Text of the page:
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Innsbruck, Austria

Orgel C.,Eotvos Lorand University | Kereszturi A.,Konkoly Astronomical Institute | Vaczi T.,Eotvos Lorand University | Groemer G.,Austrian Space Forum | And 2 more authors.
Acta Astronautica | Year: 2014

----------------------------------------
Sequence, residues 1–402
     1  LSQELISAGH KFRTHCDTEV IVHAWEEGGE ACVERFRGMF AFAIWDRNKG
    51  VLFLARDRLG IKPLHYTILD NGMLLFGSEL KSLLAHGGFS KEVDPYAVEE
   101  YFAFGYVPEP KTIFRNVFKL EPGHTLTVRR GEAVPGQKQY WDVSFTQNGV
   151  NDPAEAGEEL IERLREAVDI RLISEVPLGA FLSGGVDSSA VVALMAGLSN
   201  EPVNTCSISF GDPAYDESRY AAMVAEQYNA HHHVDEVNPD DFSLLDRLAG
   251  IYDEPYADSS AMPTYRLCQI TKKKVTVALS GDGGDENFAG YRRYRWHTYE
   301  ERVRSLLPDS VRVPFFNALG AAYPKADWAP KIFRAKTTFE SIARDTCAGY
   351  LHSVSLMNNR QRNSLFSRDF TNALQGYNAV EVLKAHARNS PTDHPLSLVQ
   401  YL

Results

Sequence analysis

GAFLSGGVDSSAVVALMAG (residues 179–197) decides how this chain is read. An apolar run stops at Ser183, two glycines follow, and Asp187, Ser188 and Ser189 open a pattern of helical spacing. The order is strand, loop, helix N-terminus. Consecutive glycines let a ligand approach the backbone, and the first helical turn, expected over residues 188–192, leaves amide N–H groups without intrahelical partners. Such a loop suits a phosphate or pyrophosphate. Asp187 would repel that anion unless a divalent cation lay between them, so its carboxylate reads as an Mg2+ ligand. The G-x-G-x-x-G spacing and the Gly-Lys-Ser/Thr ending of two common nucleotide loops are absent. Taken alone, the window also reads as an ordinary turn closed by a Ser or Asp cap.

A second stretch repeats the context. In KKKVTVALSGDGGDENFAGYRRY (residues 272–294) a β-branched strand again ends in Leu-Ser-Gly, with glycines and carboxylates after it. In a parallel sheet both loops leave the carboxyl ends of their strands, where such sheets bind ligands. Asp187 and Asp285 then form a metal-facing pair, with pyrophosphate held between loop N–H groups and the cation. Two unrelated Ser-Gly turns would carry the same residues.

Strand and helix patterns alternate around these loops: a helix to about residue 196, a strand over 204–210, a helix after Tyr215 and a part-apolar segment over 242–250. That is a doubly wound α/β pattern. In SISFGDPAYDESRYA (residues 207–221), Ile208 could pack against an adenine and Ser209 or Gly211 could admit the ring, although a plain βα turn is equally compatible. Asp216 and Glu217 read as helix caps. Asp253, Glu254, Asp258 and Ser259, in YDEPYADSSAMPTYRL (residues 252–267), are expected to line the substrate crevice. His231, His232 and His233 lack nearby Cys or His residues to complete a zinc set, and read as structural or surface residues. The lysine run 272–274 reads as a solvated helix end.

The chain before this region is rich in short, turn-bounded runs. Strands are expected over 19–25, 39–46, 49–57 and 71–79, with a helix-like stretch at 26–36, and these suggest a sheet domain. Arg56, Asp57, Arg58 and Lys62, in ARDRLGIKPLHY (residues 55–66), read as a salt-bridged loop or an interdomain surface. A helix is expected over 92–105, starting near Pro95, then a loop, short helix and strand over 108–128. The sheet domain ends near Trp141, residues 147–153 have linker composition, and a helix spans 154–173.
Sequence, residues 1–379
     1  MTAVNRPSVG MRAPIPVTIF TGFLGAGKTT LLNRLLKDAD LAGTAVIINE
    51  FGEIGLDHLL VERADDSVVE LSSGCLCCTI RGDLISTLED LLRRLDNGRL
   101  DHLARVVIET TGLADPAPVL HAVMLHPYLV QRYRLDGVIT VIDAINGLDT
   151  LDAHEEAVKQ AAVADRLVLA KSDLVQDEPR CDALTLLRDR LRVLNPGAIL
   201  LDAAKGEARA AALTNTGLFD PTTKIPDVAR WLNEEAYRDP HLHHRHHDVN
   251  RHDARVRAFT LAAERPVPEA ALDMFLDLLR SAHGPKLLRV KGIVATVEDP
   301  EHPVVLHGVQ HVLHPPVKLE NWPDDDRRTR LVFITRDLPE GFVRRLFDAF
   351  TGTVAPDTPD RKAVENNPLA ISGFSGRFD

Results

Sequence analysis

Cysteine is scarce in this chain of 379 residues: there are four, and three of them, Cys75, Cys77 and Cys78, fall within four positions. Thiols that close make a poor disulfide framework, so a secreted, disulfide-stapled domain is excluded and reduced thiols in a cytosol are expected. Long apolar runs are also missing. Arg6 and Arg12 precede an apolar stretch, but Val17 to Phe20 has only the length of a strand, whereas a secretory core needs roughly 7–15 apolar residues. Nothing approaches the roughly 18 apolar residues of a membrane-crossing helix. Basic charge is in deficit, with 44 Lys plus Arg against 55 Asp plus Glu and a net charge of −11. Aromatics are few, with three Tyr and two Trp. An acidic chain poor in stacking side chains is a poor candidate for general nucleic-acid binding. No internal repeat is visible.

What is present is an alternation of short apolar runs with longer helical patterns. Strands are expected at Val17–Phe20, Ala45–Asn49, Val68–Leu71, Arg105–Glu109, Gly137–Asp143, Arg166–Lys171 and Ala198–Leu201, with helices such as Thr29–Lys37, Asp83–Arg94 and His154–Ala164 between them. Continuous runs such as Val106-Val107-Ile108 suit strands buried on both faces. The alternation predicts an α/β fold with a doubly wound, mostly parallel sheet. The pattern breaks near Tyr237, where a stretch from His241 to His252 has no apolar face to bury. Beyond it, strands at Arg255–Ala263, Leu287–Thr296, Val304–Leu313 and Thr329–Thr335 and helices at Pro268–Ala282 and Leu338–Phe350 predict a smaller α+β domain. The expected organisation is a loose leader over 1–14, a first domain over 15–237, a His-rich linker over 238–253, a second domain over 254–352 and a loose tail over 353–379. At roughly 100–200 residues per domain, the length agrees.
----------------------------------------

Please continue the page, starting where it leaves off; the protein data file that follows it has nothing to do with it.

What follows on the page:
Between 15 and 25 April 2011 in the framework of the PolAres programme of the Austrian Space Forum, a five-day field test of the Aouda.X spacesuit simulator was conducted at the Rio Tinto Mars-analogue site in southern Spain. The field crew was supported by a full-scale Mission Control Center (MCC) in Innsbruck, Austria. The field telemetry data were relayed to the MCC, enabling a Remote Science Support (RSS) team to study field data in near-real-time and adjust the flight planning in a flexible manner. We report on the experiences in the field of robotics, geophysics (Ground Penetrating Radar) and geology as well as life sciences in a simulated spaceflight operational environment. Extravehicular Activity (EVA) maps had been prepared using Google Earth and aerial images. The Rio Tinto mining area offers an excellent location for Mars analogue simulations. It is recognised as a terrestrial Mars analogue site because of the presence of jarosite and related sulphates, which have been identified by the NASA Mars Exploration Rover "Opportunity" in the El Capitan region of Meridiani Planum on Mars. The acidic, high ferric-sulphate content water of Rio Tinto is also considered as a possible analogue in astrobiology regarding the analysis of ferric sulphate related biochemical pathways and produced biomarkers. During our Mars simulation, 18 different types of soil and rock samples were collected by the spacesuit tester. The Raman results confirm the presence of minerals expected, such as jarosite, different Fe oxides and oxi-hydroxides, pyrite and complex Mg and Ca sulphates. Eight science experiments were conducted in the field. In this contribution first we list the important findings during the management and realisation of tests, and also a first summary of the scientific results. Based on these experiences suggestions for future analogue work are also summarised. We finish with recommendations for future field missions, including the preparation of the experiments, communication and data transfer - as an aid to the planning of future simulations. © 2013 IAA. Source